Leus du Plooy interview: 'It took me time to get over Middlesex relegation'

 (Getty Images)
(Getty Images)

Leus du Plooy’s first visit to Lord’s was nothing out of the ordinary, a trip to watch England’s draw with South Africa, the country of his birth, in 2008. The (attempted) second, however, for what was supposed to be a guided tour of the ground, was rather more eventful.

"I came back with my school in 2011 and I bust my toe up in St John's Wood Station on an escalator,” he explains. “I turned back with flip-flops on and cut it. I was just running down the street with a massive bloody foot. I almost passed out from the blood.

“I got picked up in an ambulance, sat in hospital for two hours and never did the tour.”

Happily, there has been no such hitch in the batter’s arrival in NW8 this spring, Du Plooy making the switch from Derbyshire on the back of a season in which he scored 1236 runs at 82 to finish second in the Division Two run charts.

 (Adam Davy/PA Wire)
(Adam Davy/PA Wire)

Middlesex find themselves immediate returnees to the second tier, with Du Plooy tasked with invigorating a batting lineup that gave the Lord’s outfit little hope of Division One survival with its failure to fire last year.

The 29-year-old’s signing was announced midway through the campaign and Middlesex’s relegation, after just one year back in the top flight, was certainly not part of the plan.

“I think we were mid-table at that point, so I was expecting us to stay up,” says Du Plooy, who briefly even discussed moving to Lord’s on loan in the latter part of last season in the hope of helping the fight against the drop.

“It took me a time to get over it, too,” he adds. “[But] one thing that's impressed me is the work ethic they have here. It’s obviously quite disappointing to go straight back down from Division One, and I think sometimes that can easily pour over into your pre-season, but I certainly haven't found that.”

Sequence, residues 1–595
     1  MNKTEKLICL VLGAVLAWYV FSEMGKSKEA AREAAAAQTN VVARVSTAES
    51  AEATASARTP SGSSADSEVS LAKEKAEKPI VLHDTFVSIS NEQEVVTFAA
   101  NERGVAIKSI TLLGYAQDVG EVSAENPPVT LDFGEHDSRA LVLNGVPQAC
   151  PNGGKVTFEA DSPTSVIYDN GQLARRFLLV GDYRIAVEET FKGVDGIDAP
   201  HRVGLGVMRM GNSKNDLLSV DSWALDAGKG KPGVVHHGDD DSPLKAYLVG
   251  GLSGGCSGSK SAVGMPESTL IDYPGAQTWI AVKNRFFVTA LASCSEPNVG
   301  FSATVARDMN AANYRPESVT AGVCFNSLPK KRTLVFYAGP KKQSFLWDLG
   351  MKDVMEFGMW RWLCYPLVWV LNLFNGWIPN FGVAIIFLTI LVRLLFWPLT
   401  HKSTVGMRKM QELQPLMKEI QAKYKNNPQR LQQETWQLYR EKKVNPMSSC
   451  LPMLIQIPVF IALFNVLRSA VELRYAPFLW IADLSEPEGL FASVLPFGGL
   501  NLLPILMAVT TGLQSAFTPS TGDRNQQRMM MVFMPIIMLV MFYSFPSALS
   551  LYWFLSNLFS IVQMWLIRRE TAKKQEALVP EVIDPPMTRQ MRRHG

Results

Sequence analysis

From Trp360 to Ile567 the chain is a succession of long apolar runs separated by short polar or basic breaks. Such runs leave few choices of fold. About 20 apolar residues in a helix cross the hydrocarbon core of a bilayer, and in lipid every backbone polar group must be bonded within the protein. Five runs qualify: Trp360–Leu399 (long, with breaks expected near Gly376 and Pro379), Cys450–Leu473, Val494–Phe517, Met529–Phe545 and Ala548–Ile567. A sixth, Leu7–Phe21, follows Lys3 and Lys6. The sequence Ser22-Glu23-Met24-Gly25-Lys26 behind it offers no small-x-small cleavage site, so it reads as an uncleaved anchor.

One thing that's impressed me is the work ethic they have here

Leus du Plooy

Du Plooy is also pencilled for a leading role in Middlesex’s ailing T20 side, having spent a manic winter on the franchise circuit, at one stage playing in leagues in three countries - South Africa, Pakistan and the UAE - in the space of three February weeks.

Last week, Namibia all-rounder David Wiese - a regular in T20 competitions around the world - warned the proliferation of so many leagues means the franchise bubble is in danger of bursting and while Du Plooy rates his experiences as invaluable in isolation, agrees there is an element of the mercenary-go-round that does not sit quite right.

“I was jumping on a plane in Johannesburg, thinking I was going to play for Sharjah Warriors,” he explains. “But when I got there, they were like, 'No, they're out now; you have to go and play for Dubai Capitals’.

“I think of myself as a very loyal person, and it's quite tough. I guess you shouldn't be emotionally attached to those teams, but you almost have to detach yourself completely.”

 (Getty Images)
(Getty Images)

In more wholesome tune, Du Plooy also spent an autumn stint playing in the much-loved, much-laughed-at, European Cricket League on account of his Hungarian heritage. The tournament is best known for its general chaotic lilt and the viral clips of the carnage that often surface on social media, but Du Plooy’s ridiculous innings of 163 not out from 40 balls in a match against Turkey bucked the trend.

“I went there purely for the fact to play with my brother [Ximus], and I left just having been made so whole,” Du Plooy says. “A lot of the guys in my team emigrated from Pakistan and India to get a better life.

“Playing with those guys, we stayed in a three-star hotel and were on the beach every day. They were just loving it. We were getting a plate of food and they were just buzzing.

“It was actually the perfect thing to go to for me; it put everything back into perspective. Yes, I have the opportunity to live my dream, but there are guys out there who just do it for fun.”

Having navigated the famously treacherous journey from St John’s Wood platform to Lord’s without alarm this time around, the hope for Du Plooy is that this summer will offer chance to do both.